The chemo was difficult. I had allergies to two of the three drugs (Adriamycin, Taxol, and Cytoxan) and had to keep stopping treatments here and there due to my counts going off-the-charts low. It took me six months and I didn’t even finish the Taxol. The neuropathy had reached my face and my lips and I was left speaking as though I had been injected with Novocaine. The Neulasta shots were mind numbingly painful. It made my bone marrow swell, creating pressure from within my bones. All of them. Each injection would be followed by three days of not being able to shower due to the pain of mere water on my skin. During this time, I could not be touched by anyone. I had to take medication to facilitate long bouts of sleep. Simply existing, during that phase of the chemo cycle was the hardest thing I have ever had to do. I would sit and cry, unable to move. My mother would watch, wanting to hug me but knowing it would only make the pain worse. Nothing brought relief except sleep. I was grateful for my education in Psychology, for it was the miracle of a clever cognitive reframe that got me through this time.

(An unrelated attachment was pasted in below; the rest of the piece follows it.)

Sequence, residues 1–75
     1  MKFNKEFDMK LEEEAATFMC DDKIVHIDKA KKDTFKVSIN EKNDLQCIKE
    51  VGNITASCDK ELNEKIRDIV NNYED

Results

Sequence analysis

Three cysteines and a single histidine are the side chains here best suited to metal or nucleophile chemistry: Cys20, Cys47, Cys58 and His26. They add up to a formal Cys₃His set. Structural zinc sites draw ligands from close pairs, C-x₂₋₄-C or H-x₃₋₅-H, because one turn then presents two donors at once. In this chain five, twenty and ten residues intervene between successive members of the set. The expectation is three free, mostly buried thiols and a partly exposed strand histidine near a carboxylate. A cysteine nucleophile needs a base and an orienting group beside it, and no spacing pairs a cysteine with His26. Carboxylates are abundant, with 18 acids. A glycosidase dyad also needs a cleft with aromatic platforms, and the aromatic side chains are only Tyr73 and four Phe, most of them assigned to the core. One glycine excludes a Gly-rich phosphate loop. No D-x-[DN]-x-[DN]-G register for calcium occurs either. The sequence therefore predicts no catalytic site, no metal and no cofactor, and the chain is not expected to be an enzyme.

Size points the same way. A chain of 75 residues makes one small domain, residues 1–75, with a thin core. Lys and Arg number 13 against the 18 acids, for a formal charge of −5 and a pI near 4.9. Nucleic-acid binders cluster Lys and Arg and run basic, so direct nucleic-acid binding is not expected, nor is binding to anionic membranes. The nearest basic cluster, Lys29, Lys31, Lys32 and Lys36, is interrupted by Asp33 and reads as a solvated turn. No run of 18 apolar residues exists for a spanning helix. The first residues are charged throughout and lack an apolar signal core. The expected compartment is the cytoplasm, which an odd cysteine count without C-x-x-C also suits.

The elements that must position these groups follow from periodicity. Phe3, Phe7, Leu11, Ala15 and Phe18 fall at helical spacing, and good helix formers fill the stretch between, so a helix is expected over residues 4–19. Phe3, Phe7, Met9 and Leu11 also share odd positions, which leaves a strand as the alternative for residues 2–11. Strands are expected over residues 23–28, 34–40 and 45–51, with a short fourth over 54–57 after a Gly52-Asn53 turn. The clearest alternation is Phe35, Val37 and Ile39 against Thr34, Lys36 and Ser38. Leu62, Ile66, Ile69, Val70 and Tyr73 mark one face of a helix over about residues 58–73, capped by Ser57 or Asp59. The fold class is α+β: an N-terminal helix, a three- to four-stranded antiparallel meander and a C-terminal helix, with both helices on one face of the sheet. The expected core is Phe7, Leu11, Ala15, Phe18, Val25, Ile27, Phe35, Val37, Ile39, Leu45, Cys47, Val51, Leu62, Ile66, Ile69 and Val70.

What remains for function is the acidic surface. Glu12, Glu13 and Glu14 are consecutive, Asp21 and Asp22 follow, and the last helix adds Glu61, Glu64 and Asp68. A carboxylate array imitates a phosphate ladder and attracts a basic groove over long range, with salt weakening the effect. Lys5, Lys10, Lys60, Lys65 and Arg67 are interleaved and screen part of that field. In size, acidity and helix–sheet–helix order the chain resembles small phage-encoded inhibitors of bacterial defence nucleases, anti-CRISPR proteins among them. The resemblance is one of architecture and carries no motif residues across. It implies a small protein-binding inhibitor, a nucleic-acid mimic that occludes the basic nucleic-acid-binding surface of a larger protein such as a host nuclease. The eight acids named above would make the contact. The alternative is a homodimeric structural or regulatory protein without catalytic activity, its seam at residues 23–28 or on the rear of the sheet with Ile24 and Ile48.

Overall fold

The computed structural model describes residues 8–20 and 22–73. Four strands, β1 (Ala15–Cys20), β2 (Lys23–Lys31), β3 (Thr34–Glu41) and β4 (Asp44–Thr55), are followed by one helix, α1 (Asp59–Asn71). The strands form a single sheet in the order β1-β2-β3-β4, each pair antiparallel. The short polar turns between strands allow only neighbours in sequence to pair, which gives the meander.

I told myself repeatedly (like a mantra) that God was giving me a choice: either I could go through the chemo, or my son would have to. It wasn’t true, of course. It was merely a device that, when used repeatedly, gave me the courage to go get my treatment. Whenever I thought I couldn’t take it anymore, all I had to do was repeat this to myself over and over, and the strength came. There is nothing greater than a Mother’s love. Not even the pain of Neulasta. It’s tools like this that have kept me strong and resilient through the years.